Urban Avalanche Advisory

Current Advisory as of

January 21, 2019

Expires 7:00 AM the following morning.

Issued By Tom Mattice

Danger Level: 2 - Moderate
View Danger Definitions

Today's Discussion

The National Weather Service Forecasts-

Today- Widespread rain showers and snow showers. Snow accumulation to 1 inch. Highs around 35. Southeast wind 10 mph.

Tonight- Rain with snow likely. Snow accumulation to 3 inches. lows around 31. Southeast wind 10 mph.

Tuesday- Cloudy. Chance of rain and snow. Highs around 37. South wind 10 mph.

This snow event has slowly come on over the last 36 hours.  When the snow started Eaglecrest was around 20f degrees and has since risen up to 29f.  Mt Roberts is much the same having started snowing at 21f and now the temp is right at freezing at 32f.

During the last 36 hours Eaglecrest is showing about 15cm of new snow from 16mm of precipitation.   Mt Roberts is showing more snow with 20cm on the gauge for the last 36 hours from 18mm of precipitation.

Winds are moderate to considerable.  They started the storm out quite low but have continued to build.  Current winds are 18-22mph out of the SE.  This will add to todays danger equation.

Yesterday showed a mostly stable snowpack.  The new snow was not bonding all that well to the old snow surface.  Look to see shallow windslabs building on NW Slopes.

There are a few deeper weak layers in place still.  The rain and warming did not heal the deeper weak layers as much as we had hoped.  As loading continues we have several weak layers deeper in the pack we will want to keep an eye on.  Loading on those layers will be critical.  It looks as though todays weather into tomorrow does not call for that great of precipitation and snowfall rates.  These lower loading rates should help keep the danger more to the surface layers for the time being.

You will want to perform snowpit tests over the next week or so and see how this load starts to effect the deeper weak layers in place.

Use extra caution today especially in windloaded areas.  In general urban avalanche danger remains LOW due to low snow volumes but overall avalanche danger is MODERATE.  Natural avalanches are unlikely due to low loading rates and yet human triggered avalanches are possible especially in windloaded pockets.

Primary Avalanche Problem

Wind Slab

Problem Type:Wind Slab
Avalanche Size:Small
Avalanche Likelihood = Likely
Avalanche Trend = Steady Danger


We have seen 12-20cm of new snow around the region in the last 36 hours with winds from 10-20 gusting to 25mph out of SE (130).

This snow came to rest on a hard icy bed surface.  Bonding may be in question a while longer.

Look to see shallow windslabs building on NW slopes.  These may be fairly easy to trigger.  Probably not huge in nature yet on steep slopes may travel faster than average with low density snow on a hard bed surface.

Learn more about Wind Slab.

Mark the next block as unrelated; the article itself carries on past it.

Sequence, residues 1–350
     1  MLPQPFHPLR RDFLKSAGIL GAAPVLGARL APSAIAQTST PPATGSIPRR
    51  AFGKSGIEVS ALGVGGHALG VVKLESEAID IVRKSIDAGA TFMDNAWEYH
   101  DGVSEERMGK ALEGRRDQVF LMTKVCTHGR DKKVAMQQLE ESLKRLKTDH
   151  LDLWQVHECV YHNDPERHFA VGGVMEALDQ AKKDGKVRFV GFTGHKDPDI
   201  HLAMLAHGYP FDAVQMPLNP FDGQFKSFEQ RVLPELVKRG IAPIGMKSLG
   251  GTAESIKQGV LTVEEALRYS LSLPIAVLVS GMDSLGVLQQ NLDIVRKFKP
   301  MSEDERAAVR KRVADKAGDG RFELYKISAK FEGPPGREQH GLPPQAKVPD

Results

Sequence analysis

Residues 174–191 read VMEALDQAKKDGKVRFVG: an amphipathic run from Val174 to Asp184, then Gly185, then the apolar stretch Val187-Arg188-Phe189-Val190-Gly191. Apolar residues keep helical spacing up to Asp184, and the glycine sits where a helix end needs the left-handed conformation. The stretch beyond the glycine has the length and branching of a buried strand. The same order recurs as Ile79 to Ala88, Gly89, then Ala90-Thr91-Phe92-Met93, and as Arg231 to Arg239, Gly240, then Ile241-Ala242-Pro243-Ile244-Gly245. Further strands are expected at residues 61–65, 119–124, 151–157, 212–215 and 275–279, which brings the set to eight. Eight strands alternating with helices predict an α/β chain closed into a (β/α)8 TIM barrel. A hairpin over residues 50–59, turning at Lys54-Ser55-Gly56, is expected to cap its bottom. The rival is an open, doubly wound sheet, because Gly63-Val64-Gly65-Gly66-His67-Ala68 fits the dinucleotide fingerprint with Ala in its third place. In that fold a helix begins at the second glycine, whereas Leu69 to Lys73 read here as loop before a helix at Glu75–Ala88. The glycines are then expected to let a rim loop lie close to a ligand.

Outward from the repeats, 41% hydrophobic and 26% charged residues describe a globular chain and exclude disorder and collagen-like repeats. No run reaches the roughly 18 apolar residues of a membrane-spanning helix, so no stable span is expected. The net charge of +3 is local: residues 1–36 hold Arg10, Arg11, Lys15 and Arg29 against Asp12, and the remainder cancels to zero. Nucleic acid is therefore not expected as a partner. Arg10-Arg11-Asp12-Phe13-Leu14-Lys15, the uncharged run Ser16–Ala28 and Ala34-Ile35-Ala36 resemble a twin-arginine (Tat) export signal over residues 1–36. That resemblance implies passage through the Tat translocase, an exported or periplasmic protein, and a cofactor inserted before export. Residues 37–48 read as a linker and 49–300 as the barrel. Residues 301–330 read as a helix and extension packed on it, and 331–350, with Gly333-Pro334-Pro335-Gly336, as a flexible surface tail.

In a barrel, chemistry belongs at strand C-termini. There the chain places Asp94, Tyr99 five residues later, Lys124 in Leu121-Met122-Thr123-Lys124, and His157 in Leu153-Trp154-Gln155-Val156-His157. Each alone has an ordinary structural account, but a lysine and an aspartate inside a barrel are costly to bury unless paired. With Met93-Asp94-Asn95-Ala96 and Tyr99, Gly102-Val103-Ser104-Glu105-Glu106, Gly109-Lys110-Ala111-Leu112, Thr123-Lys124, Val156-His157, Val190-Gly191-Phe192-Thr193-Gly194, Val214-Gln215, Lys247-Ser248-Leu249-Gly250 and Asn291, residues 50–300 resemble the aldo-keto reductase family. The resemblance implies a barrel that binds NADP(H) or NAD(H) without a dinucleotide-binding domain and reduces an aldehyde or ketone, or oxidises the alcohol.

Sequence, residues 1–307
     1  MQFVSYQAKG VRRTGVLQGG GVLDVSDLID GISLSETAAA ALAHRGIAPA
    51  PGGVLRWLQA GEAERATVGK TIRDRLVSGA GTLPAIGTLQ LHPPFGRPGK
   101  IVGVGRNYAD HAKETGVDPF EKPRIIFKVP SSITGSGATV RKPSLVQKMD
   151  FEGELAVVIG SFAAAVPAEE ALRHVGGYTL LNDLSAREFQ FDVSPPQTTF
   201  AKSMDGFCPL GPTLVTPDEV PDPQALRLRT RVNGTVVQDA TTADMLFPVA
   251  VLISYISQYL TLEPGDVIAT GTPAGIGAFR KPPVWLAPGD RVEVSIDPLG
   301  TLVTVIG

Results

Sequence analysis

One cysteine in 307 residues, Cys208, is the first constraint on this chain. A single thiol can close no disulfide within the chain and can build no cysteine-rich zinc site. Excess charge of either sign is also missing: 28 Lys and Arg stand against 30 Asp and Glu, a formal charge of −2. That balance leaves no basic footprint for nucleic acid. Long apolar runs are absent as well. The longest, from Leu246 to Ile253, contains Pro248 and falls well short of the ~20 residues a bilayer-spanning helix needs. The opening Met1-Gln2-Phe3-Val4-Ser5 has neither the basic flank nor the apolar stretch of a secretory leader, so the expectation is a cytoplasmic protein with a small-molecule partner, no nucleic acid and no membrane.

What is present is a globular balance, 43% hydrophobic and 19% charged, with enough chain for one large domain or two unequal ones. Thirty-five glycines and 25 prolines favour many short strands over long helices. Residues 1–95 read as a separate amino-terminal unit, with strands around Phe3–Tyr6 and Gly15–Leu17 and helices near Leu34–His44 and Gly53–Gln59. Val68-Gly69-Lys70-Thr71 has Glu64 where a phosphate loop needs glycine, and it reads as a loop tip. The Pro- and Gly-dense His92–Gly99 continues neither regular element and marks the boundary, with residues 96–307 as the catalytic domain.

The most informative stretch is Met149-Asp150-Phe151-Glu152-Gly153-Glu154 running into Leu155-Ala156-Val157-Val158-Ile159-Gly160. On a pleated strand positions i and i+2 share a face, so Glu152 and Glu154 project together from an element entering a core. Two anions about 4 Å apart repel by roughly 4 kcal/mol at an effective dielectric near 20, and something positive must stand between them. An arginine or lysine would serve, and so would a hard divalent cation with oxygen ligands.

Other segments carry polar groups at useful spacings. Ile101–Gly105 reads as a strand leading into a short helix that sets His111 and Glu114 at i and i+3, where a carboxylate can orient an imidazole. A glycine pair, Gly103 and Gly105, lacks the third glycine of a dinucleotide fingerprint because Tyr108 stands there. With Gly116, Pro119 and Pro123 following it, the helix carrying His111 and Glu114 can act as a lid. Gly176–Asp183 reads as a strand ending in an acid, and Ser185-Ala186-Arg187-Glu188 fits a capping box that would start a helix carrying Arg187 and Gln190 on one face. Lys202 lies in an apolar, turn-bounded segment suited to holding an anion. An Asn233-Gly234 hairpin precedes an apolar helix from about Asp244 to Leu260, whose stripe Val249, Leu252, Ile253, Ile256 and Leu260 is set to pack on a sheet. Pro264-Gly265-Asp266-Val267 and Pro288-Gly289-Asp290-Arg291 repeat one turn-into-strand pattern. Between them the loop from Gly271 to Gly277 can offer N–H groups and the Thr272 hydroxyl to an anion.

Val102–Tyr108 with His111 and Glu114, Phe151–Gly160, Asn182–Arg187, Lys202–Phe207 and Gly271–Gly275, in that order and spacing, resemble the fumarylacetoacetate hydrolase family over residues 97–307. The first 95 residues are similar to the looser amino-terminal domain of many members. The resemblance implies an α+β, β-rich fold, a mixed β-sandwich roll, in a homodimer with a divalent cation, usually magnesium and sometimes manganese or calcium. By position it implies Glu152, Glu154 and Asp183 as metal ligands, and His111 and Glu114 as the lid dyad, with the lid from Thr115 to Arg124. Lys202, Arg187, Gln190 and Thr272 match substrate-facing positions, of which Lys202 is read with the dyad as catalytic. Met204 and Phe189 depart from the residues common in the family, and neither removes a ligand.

Secondary Avalanche Problem

Persistent Slab

Problem Type:Persistent Slab
Avalanche Size:Large
Avalanche Likelihood = Unlikely
Avalanche Trend = Steady Danger


The rain and warming were not enough to heal some of the deeper weak layers we have present in the snowpack.

Yesterdays snowpit tests still yielded low test scores on these deeper weak layers.

Its hard to always trust snowpit results as we cut the back taking away the snowpack strength  to perform our tests as we isolate the weak layers.  But the test did snow very clear planar shears  at low scores.

I think it will take a bit more loading to where these deeper weak layers come into question.  Loading rates have been low to moderate and are forecast to stay that way.

The snowpack may continue to settle and adjust to this loading rate but keep an eye on these deeper weak layers.  A slide on them is sure to be more of a hard slab with much greater consequences.

The temperature regime in the snowpack was consistent showing no great temperature gradient.  Hopefully these weak layers will continue to heal and build strength.

Learn more about Persistent Slab.

Today’s Avalanche Tip

Backcountry Basics: Recognizing Avalanche Terrain

By Dale Atkins

“We didn’t think we were in an avalanche path.”

These were the sorrow-filled words told to me by a couple whose friend was buried and killed in very small Colorado avalanche back in 2000. The problem of not recognizing avalanche terrain is not new. Avalanche survivors have likely uttered similar words for centuries, and even today the message is still heard after some accidents.

Avalanche terrain can be a broad and complicated topic. But here, I’ll introduce some ideas and key points about avalanche terrain that you may not have heard before. I hope this will encourage you to seek out information. Recognizing avalanche terrain is key to staying alive and having fun in the backcountry. You can’t control the weather or the snow conditions but you can control when you go—and where.

To read the full article go to:  https://www.msrgear.com/blog/backcountry-basics-recognizing-assessing-avalanche-terrain/

Be safe out there and have a great day.